They say time is money, but that’s not exactly true. Since being exposed to the research field through my professors at university and Richard Thaler’s “Misbehaving”, I’ve found it fascinating to read studies that explore the bridge between psychology, decision-making and economics. At the moment, I'm looking into sunk costs and “mental accounting” - a… Continue reading writing || time is not money: on storytelling and sunk costs
Staying organized isn't only FUN, but it PAYS OFF, too! I've always thought it more important to study SMART, not just HARD, and one of the ways I make sure I can do that is by staying organized in all of my courses. I use my Bullet Journal to track tasks. For my notes, I keep coming back to either:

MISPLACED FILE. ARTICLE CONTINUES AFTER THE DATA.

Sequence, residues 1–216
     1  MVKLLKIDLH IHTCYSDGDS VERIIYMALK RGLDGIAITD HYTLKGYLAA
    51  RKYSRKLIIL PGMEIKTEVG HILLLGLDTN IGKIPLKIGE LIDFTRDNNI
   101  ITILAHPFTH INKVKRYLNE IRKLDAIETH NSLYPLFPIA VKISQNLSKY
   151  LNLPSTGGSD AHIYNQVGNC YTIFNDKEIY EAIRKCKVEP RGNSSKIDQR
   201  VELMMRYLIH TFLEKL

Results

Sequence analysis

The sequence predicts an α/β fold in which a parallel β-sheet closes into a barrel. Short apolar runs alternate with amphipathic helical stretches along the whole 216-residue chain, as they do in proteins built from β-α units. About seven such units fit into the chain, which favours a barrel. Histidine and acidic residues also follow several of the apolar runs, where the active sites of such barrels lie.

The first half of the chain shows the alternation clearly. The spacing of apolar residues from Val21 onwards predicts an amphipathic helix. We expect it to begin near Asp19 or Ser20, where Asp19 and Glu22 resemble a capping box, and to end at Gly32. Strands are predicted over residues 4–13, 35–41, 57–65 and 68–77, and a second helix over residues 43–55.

Cornell system of handwritten notes
Typed, concise summary notes that I print and highlight
(Speaking of which: I'm looking forward to sharing with you how I take both of these kinds of notes! It's a big post though, so bear with me as I try to find the time for it.)
As for the notes and all the course material itself, I've got a simple method to keep everything organized in their binders!
I wrote this essay for my history class a year ago in grade 10, back when we studied the 20th century. There were several prompts to choose from, and I ended up writing about the changes or improvements in the political responses towards the Great Depression as opposed to the more recent Recession of 2008. I… Continue reading writing || Differences in Political Responses to the Great Depression and the Recession of 2008 in Canada